Five years ago, a wave of unionization at digital media companies suggested that labor was making a comeback. But this week’s mass firing of 47 American HuffPost employees, 33 of whom were unionized, gave a harsh reminder that organized labor is no match for a declining industry.
HuffPost’s union, a unit of the Writers Guild of America East, does not deserve blame for the layoffs. But collective bargaining can’t stop the forces squeezing the media business. In particular, as the Washington Monthly’s Phillip Longman recently explored, a Google and Facebook duopoly has cornered the digital ad market, choking off a revenue source for the media outlets that actually produce content.
How exactly to reduce systemic inequality and strengthen the middle-class has been grist in Democratic circles for what seems like forever. The schools of thought were roughly personified in the Democratic presidential primary. Sen. Bernie Sanders championed universal government programs delivering public goods and wealth redistribution. Sen. Elizabeth Warren stood for the unrigging the rules of the market to break up consolidated industries and wealth. And Joe Biden, in some contrast with his moderate persona, often spoke of the importance of unions.
Of course, there was plenty of overlap among those three candidates—for example, nobody was anti-union, and Warren was celebrated for her redistributive wealth tax proposal. Now as president, Biden is moving on multiple fronts, with nods to his former rivals.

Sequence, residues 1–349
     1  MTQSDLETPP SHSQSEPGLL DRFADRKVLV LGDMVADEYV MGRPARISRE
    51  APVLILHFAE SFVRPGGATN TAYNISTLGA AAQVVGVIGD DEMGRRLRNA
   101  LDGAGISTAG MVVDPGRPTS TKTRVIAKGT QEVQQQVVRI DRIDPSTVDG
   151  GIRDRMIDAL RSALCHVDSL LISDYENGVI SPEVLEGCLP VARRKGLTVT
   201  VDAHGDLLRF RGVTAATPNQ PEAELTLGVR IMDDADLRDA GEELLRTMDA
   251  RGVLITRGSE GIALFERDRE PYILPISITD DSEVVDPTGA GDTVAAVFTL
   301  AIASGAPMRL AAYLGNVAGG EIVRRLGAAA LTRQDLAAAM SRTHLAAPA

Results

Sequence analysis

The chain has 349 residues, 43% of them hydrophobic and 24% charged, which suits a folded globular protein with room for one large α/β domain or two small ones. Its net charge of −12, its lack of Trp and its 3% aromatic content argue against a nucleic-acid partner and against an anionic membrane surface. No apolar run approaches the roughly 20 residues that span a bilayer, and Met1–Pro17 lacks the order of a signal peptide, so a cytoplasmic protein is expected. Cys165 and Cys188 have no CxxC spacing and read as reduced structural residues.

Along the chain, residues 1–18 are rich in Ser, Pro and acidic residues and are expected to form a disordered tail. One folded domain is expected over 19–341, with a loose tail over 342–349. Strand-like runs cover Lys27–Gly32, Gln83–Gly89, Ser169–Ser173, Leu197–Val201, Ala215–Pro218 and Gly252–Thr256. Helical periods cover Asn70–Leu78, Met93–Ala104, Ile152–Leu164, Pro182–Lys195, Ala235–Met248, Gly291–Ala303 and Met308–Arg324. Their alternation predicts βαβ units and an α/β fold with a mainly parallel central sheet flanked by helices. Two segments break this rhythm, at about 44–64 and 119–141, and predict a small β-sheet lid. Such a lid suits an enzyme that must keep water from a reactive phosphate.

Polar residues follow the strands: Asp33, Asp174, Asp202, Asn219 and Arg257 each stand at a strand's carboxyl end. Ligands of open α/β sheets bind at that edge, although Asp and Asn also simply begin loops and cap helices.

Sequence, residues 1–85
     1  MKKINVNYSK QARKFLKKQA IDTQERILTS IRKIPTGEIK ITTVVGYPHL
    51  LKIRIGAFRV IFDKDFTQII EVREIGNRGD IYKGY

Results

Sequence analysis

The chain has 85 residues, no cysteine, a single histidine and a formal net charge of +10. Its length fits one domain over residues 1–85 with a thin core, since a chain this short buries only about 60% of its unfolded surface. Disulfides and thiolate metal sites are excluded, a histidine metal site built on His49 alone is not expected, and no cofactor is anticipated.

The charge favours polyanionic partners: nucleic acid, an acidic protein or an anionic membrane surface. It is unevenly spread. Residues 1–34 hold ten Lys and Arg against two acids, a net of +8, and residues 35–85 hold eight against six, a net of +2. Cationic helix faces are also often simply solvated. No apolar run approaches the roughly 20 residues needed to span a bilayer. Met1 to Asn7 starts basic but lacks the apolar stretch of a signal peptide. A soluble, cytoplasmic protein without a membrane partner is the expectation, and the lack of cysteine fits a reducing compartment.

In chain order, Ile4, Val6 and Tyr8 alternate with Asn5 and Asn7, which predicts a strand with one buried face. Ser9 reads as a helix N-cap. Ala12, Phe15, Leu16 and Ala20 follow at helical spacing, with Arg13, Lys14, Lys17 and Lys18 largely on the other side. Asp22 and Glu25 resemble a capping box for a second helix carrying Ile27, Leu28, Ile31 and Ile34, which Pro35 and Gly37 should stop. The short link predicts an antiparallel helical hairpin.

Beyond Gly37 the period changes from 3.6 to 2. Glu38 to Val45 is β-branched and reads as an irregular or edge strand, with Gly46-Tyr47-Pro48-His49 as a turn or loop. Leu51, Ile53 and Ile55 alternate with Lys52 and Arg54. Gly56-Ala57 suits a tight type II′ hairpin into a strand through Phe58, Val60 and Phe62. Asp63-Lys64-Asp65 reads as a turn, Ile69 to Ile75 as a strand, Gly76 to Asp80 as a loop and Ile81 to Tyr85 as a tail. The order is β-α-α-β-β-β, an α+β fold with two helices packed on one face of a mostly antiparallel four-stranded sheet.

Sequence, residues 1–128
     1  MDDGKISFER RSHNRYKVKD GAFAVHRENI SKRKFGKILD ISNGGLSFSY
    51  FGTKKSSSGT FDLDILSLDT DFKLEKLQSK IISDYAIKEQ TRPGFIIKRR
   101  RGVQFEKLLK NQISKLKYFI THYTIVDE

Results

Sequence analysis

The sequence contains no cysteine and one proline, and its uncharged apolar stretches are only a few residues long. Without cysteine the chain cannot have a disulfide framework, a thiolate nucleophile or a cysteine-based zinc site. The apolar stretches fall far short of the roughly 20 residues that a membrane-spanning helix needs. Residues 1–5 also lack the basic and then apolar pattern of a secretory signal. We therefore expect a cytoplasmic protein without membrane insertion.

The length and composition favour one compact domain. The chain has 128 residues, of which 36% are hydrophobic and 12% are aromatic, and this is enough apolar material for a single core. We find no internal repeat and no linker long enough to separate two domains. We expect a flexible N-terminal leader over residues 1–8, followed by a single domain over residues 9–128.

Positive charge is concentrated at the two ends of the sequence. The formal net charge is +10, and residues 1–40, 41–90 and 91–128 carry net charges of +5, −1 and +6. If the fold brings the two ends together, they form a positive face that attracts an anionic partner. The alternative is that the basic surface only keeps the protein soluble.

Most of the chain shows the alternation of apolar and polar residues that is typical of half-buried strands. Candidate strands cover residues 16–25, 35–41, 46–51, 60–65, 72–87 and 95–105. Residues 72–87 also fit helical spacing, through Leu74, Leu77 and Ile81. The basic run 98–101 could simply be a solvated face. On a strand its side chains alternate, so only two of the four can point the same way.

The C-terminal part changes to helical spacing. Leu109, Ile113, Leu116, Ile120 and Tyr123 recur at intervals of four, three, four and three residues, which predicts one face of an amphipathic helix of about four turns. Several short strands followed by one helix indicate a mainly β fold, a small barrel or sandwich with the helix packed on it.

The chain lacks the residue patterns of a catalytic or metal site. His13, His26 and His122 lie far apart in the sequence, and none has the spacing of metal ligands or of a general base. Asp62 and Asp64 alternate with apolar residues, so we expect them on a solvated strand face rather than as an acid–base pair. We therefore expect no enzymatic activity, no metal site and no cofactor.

Through the American Rescue Plan that he signed on Thursday, Biden is launching an expansive, redistributive child tax credit program designed to provide monthly checks to poor and middle-class families with school-age children. He has tapped anti-monopoly advocates for key administration posts. He is openly encouraging the unionization of an Alabama Amazon facility, and supporting House legislation to ease union organizing.
As these differing schools of progressive thought are not mutually exclusive, Biden and his fellow Democrats needn’t choose between them. But they should understand which has the most realistic shot at broadening and boosting the middle-class in the short term, and which is a long-term play.